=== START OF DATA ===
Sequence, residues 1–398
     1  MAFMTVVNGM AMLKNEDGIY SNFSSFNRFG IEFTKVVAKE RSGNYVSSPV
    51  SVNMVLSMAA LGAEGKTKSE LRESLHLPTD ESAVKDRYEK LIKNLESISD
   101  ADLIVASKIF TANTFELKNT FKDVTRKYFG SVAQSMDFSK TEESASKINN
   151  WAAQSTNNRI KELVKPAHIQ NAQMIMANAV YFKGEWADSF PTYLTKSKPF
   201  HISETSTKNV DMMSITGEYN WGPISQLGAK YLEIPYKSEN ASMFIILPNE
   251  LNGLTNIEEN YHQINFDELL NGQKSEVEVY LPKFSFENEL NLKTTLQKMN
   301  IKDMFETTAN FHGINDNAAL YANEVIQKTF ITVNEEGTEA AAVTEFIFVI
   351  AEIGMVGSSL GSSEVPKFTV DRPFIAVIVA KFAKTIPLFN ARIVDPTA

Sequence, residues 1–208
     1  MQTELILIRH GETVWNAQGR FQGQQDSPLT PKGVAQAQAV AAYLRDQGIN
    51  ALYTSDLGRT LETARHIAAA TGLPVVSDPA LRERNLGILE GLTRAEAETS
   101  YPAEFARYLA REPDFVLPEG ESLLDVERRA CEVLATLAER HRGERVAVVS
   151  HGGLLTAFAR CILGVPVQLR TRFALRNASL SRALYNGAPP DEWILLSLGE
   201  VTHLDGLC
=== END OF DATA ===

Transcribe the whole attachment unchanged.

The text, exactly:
Sequence, residues 1–398
     1  MAFMTVVNGM AMLKNEDGIY SNFSSFNRFG IEFTKVVAKE RSGNYVSSPV
    51  SVNMVLSMAA LGAEGKTKSE LRESLHLPTD ESAVKDRYEK LIKNLESISD
   101  ADLIVASKIF TANTFELKNT FKDVTRKYFG SVAQSMDFSK TEESASKINN
   151  WAAQSTNNRI KELVKPAHIQ NAQMIMANAV YFKGEWADSF PTYLTKSKPF
   201  HISETSTKNV DMMSITGEYN WGPISQLGAK YLEIPYKSEN ASMFIILPNE
   251  LNGLTNIEEN YHQINFDELL NGQKSEVEVY LPKFSFENEL NLKTTLQKMN
   301  IKDMFETTAN FHGINDNAAL YANEVIQKTF ITVNEEGTEA AAVTEFIFVI
   351  AEIGMVGSSL GSSEVPKFTV DRPFIAVIVA KFAKTIPLFN ARIVDPTA

Sequence, residues 1–208
     1  MQTELILIRH GETVWNAQGR FQGQQDSPLT PKGVAQAQAV AAYLRDQGIN
    51  ALYTSDLGRT LETARHIAAA TGLPVVSDPA LRERNLGILE GLTRAEAETS
   101  YPAEFARYLA REPDFVLPEG ESLLDVERRA CEVLATLAER HRGERVAVVS
   151  HGGLLTAFAR CILGVPVQLR TRFALRNASL SRALYNGAPP DEWILLSLGE
   201  VTHLDGLC